Non-Primate Monocytes - CD14, CD16 - Ziegler-Heitbrock


Patrolling monocytes promote intravascular neutrophil activation and glomerular injury in the acutely inflamed glomerulus.


Nonclassical monocytes undergo intravascular patrolling in blood vessels, positioning them ideally to coordinate responses to inflammatory stimuli. Under some circumstances, the actions of monocytes have been shown to involve promotion of neutrophil recruitment. However, the mechanisms whereby patrolling monocytes control the actions of neutrophils in the circulation are unclear. Here, we examined the contributions of monocytes to antibody- and neutrophil-dependent inflammation in a model of in situ immune complex-mediated glomerulonephritis. Multiphoton and spinning disk confocal intravital microscopy revealed that monocytes patrol both uninflamed and inflamed glomeruli using beta2 and alpha4 integrins and CX3CR1. Monocyte depletion reduced glomerular injury, demonstrating that these cells promote inappropriate inflammation in this setting. Monocyte depletion also resulted in reductions in neutrophil recruitment and dwell time in glomerular capillaries and in reactive oxygen species (ROS) generation by neutrophils, suggesting a role for cross-talk between monocytes and neutrophils in induction of glomerulonephritis. Consistent with this hypothesis, patrolling monocytes and neutrophils underwent prolonged interactions in glomerular capillaries, with the duration of these interactions increasing during inflammation. Moreover, neutrophils that interacted with monocytes showed increased retention and a greater propensity for ROS generation in the glomerulus. Also, renal patrolling monocytes, but not neutrophils, produced TNF during inflammation, and TNF inhibition reduced neutrophil dwell time and ROS production, as well as renal injury. These findings show that monocytes and neutrophils undergo interactions within the glomerular microvasculature. Moreover, evidence indicates that, in response to an inflammatory stimulus, these interactions allow monocytes to promote neutrophil recruitment and activation within the glomerular microvasculature, leading to neutrophil-dependent tissue injury.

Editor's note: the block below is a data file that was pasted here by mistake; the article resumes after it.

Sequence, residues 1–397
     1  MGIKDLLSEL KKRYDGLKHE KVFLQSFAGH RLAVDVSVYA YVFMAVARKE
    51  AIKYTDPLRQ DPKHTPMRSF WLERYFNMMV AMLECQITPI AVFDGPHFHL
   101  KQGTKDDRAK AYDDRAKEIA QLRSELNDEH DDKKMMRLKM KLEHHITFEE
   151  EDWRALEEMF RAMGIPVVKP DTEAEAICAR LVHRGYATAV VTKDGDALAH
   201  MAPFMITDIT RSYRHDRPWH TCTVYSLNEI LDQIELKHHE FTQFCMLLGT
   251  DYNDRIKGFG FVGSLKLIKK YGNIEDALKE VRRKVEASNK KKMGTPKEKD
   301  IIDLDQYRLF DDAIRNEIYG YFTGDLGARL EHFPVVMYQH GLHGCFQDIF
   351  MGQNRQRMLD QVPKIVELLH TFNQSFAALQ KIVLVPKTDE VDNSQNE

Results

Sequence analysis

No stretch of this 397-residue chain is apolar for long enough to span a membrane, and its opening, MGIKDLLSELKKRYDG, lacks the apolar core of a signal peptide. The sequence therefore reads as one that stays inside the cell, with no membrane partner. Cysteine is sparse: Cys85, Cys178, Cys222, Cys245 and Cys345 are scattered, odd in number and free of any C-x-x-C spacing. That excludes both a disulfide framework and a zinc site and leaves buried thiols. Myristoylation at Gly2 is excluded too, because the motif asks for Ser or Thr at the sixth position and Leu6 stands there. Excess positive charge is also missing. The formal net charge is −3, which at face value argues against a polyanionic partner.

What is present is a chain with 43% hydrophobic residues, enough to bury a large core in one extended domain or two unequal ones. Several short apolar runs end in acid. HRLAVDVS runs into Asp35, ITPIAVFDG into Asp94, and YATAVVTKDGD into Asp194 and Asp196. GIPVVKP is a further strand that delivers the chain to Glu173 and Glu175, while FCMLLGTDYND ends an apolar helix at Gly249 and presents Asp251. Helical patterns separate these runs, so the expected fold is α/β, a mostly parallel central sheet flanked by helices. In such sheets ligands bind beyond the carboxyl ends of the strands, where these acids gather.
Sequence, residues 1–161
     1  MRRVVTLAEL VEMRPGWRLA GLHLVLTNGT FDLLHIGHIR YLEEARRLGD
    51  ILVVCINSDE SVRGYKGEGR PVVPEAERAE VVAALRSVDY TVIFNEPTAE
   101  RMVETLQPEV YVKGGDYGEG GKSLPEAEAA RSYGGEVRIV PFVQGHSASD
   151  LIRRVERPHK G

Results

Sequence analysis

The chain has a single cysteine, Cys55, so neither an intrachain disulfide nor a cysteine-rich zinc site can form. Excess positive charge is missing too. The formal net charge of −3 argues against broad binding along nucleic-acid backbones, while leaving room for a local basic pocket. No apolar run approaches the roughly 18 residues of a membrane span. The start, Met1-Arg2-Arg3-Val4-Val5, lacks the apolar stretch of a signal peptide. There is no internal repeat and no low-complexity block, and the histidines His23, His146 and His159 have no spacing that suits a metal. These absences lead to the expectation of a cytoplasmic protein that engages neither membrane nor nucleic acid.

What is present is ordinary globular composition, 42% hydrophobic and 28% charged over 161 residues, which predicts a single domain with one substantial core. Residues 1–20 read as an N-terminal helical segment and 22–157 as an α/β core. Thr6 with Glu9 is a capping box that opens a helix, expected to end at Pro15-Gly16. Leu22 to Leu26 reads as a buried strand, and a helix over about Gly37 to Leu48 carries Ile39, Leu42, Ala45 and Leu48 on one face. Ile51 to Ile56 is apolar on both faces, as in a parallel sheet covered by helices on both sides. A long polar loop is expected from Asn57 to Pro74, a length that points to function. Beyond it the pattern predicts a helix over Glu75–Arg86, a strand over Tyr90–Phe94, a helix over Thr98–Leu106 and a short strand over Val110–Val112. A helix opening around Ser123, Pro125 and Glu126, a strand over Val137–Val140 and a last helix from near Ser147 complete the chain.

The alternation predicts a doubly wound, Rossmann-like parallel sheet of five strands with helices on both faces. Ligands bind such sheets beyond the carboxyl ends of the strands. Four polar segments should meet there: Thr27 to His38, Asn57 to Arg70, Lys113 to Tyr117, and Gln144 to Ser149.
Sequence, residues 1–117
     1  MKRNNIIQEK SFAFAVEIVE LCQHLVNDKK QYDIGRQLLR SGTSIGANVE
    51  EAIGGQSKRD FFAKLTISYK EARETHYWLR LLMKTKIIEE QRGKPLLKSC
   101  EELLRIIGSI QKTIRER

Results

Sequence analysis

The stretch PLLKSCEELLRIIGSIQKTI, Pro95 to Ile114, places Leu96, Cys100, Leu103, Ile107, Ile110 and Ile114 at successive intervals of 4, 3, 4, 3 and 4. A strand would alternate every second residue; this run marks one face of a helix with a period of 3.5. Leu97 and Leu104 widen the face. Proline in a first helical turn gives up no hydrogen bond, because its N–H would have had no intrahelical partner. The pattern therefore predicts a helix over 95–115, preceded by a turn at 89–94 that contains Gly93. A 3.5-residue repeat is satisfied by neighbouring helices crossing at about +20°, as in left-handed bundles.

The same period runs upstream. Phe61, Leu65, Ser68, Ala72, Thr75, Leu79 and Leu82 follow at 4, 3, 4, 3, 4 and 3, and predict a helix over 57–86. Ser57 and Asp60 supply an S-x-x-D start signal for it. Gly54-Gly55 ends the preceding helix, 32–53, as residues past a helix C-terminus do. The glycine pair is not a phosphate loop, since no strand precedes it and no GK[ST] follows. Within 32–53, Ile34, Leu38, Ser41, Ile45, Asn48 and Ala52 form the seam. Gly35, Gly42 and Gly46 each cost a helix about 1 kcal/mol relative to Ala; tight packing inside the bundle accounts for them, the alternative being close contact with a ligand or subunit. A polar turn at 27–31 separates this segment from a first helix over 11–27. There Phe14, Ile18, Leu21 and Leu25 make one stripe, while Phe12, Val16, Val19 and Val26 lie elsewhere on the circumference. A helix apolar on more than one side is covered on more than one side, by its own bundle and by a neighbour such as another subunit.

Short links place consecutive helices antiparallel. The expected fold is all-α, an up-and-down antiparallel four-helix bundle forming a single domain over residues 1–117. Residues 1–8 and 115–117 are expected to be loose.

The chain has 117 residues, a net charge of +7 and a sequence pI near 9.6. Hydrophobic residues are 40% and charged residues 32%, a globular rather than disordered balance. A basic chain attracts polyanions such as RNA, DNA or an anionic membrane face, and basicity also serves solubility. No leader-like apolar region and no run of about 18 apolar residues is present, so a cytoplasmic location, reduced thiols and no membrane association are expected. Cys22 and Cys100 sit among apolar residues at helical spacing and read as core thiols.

Authors: Finsterbusch M, Hall P, Li A, Devi S, Westhorpe CL, Kitching AR, Hickey MJ
Journal: Proc. Natl. Acad. Sci. U.S.A.; 2016 08 30; 113(35) 5172-81. doi:10.1073/pnas.1606253113
Year: 2016
PubMed: PMID: 27528685 (Go to PubMed)